Every year 1,300 men and women lodge a claim with the Criminal Cases Review Commission (CCRC), seeking to challenge their conviction. Despite these numbers, we know surprisingly little about these people. Who are they? On what grounds are they appealing their conviction? How do they view and cope with punishment in light of their claims to be wrongfully convicted? What effects does such punishment have?
The majority of wrongful conviction research focuses on the causes of miscarriages of justice. There is little consideration of the lived experience of claiming wrongful conviction and much of the research simply omits the years between imprisonment and exoneration. The aim of the current research is to gain an insight into the lives of prisoners who believe themselves to be wrongfully convicted and explore the factors that make up their day-to-day prison life. This will be achieved by inviting a sample of such prisoners to produce written accounts and comparing their stories with those of their ‘rightly’ convicted counterparts, as evidenced by the academic literature. Participants will be encouraged to reflect on their attitudes, experiences, relationships, coping strategies and the perceived consequences of maintaining wrongful conviction in the prison environment.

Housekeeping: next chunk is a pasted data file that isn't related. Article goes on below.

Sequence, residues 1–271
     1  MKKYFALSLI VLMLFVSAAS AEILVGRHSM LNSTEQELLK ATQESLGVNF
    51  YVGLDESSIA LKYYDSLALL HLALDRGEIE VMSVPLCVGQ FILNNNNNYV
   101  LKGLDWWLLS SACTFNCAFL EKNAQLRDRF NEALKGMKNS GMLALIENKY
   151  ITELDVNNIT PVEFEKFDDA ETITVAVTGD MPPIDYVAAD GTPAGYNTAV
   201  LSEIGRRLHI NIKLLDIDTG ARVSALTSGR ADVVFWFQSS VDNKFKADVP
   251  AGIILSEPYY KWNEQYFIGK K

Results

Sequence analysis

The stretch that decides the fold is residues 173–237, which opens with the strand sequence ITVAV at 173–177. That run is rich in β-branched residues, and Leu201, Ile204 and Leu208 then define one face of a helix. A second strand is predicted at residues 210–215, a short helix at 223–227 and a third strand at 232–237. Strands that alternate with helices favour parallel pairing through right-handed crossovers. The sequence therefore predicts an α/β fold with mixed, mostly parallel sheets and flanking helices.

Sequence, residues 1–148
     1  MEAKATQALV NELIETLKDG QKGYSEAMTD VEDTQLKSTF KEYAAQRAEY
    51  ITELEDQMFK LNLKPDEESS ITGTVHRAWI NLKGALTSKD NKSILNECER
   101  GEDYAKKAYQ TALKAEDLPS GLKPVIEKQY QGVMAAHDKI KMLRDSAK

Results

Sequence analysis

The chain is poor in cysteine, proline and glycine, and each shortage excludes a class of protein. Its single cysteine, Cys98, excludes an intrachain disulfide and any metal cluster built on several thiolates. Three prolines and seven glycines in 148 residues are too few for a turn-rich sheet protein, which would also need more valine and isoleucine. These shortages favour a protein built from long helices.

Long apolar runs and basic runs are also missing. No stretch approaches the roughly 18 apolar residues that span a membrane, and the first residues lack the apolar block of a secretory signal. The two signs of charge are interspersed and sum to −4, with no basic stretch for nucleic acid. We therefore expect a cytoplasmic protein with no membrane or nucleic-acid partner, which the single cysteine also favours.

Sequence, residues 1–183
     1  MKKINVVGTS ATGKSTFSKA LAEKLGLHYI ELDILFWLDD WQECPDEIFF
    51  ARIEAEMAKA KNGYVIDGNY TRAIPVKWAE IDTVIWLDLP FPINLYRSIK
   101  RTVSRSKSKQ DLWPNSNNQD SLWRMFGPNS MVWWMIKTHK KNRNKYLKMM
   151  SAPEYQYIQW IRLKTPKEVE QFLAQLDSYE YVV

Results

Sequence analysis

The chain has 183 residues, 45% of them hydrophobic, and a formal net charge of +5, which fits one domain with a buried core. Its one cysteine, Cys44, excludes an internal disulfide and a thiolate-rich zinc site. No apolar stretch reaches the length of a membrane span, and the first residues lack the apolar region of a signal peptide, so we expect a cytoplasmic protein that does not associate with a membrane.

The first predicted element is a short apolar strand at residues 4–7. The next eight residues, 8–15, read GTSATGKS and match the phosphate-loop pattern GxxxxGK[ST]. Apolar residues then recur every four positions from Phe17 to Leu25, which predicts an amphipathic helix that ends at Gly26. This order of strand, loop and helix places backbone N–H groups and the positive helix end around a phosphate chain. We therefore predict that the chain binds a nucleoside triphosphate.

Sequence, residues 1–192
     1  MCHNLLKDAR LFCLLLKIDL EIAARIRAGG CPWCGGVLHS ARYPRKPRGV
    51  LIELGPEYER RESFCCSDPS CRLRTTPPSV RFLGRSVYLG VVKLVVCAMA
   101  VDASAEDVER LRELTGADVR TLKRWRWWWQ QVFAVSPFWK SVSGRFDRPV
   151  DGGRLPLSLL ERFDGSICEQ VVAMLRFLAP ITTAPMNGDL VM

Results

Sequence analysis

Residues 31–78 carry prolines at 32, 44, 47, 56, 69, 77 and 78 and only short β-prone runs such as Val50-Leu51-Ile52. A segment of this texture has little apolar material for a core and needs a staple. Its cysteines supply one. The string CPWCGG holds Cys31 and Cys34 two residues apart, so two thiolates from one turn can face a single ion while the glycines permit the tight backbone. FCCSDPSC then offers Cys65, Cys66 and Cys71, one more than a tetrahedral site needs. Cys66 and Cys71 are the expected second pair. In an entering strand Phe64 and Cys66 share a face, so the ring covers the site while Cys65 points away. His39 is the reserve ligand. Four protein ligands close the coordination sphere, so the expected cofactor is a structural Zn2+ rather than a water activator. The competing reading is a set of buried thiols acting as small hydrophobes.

The researcher is Emma Burtt, DPhil Candidate at the University of Oxford Centre for Criminology, supervised by Professor Carolyn Hoyle and Professor Mary Bosworth. If you would like to find out more information or know of someone who may be willing to participate in the study, please contact Ms Emma Burtt at: Centre for Criminology, Manor Road Building, Manor Road, Oxford, OX1 3UQ or via email at email@example.com